The Israelites were stunned.  Joshua went to God and basically wondered why he wasn’t making good on his promise to help give them victory.  Jacob lamented that their enemies were now going to look at them as weak and come after them.  That’s when God pointed out that he – God – wasn’t the problem.  Israel was the problem.  God pointed out that there was someone among the Israelite people who had given in to temptation, and had kept some of the plunder from Jericho – some of the things devoted to God – and kept those things for himself. 

          That’s where our text comes in.  God gave Joshua instructions on how to find the offender.  How exactly he was picked, Scripture doesn’t say.  It may have been by lot.  Kind of like picking a name out of a hat.  But keep in mind, that this wasn’t just a random process.  God was guiding the process all the way through until the correct person was identified.  And it was Achan who was identified.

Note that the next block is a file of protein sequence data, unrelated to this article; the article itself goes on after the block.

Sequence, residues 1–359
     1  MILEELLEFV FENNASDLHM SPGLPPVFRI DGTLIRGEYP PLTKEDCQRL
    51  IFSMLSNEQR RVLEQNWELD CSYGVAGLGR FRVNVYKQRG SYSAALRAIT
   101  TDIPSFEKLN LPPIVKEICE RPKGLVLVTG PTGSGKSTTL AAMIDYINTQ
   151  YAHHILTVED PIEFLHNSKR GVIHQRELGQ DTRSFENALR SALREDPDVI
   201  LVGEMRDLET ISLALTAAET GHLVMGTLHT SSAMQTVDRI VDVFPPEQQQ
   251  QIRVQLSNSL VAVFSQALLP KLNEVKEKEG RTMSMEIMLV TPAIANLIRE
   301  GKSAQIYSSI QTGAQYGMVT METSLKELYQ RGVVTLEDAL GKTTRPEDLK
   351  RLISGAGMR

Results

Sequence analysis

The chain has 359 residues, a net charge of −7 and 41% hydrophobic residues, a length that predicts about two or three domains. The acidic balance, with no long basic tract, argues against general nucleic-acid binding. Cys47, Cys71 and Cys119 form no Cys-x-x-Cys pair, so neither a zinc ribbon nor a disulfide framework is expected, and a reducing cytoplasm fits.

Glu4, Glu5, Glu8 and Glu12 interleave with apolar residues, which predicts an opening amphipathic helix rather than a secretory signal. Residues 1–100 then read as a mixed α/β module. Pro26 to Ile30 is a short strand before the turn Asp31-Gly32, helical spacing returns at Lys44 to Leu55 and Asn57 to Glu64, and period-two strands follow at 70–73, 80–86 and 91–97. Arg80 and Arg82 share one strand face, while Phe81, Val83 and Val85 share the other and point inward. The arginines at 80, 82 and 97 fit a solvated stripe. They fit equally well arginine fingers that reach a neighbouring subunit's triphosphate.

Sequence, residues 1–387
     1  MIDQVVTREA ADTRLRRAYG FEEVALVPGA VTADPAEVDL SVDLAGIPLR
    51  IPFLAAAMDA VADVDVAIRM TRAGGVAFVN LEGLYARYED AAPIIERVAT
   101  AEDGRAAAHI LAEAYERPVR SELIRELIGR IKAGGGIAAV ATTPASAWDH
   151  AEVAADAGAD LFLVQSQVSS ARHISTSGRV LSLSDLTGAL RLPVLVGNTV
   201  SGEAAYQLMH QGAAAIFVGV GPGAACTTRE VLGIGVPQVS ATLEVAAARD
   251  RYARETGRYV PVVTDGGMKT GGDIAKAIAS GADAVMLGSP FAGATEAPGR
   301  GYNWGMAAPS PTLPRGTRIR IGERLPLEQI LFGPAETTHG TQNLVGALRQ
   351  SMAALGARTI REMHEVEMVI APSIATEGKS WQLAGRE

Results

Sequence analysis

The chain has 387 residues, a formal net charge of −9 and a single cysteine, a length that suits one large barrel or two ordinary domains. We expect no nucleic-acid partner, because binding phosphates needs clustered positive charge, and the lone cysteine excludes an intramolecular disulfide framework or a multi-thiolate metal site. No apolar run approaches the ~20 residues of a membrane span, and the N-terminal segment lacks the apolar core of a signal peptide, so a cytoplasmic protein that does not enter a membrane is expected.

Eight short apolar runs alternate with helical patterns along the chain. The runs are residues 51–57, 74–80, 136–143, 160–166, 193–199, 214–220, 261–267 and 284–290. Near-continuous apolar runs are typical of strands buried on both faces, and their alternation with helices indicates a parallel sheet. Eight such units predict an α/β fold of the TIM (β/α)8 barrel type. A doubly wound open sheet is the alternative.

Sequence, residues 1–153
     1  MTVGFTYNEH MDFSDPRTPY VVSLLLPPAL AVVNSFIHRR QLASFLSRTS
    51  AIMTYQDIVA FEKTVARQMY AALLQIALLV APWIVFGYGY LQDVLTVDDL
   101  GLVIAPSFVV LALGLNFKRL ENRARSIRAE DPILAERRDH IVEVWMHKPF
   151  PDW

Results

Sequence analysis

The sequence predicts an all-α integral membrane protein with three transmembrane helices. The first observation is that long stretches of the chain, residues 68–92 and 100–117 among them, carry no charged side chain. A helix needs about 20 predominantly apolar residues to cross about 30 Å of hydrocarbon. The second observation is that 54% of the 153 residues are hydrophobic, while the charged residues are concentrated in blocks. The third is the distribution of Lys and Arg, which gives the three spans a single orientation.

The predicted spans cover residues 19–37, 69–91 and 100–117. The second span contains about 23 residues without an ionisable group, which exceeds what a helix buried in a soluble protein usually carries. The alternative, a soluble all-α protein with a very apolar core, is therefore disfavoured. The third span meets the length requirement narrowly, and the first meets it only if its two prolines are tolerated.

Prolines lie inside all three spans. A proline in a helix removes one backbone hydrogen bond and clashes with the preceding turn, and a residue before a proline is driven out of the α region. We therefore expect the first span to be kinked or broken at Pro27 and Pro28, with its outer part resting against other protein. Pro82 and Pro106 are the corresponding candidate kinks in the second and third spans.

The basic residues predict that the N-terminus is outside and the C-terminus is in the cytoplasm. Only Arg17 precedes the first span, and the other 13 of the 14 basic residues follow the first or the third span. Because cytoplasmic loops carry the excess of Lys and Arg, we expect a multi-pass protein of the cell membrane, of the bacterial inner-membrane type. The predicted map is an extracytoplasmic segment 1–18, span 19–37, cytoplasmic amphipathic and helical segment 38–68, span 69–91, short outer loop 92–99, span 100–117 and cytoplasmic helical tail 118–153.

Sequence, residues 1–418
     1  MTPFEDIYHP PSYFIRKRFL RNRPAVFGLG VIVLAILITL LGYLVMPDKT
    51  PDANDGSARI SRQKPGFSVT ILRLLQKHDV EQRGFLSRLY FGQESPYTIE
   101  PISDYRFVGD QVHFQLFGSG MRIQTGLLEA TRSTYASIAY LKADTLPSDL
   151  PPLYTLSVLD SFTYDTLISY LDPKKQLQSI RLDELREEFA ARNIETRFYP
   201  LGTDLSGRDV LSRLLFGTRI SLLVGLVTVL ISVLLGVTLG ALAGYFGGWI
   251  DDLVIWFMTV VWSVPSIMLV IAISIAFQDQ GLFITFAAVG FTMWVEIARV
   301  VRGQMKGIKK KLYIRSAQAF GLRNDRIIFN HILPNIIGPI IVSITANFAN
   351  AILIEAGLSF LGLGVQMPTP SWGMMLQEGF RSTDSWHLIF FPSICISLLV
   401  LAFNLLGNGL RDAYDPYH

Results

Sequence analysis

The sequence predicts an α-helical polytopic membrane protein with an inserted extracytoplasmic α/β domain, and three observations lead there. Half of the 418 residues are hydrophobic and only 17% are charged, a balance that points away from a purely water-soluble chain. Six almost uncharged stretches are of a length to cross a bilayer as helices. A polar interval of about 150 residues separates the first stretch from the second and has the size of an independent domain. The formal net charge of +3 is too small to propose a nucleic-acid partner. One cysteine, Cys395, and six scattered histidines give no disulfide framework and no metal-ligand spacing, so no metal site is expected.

Joshua approached Achan in a fatherly way and said: “My son, give glory to the Lord, the God of Israel, and give him the praise. Tell me what you have done; do not hide it from me.” 

          Achan then confessed his sin, and didn’t hold back or make any excuses.  He said that he took a beautiful robe, some silver and some gold, and hid them under his tent.  It was then that Achan paid the consequences for his actions.  They took him and all his things out to the Valley of Achor.  There he was stoned to death.  Then he and his possessions were all burned and buried under dirt and rocks to stand as a monument. 

          So what do we learn from all this?  We learn about how strong temptation is and how weak our sinful nature is.  Achan knew there would be consequences for his taking that plunder, but what did he do?  He took it anyway and then hid it.  By the very fact he hid it, he knew it was wrong!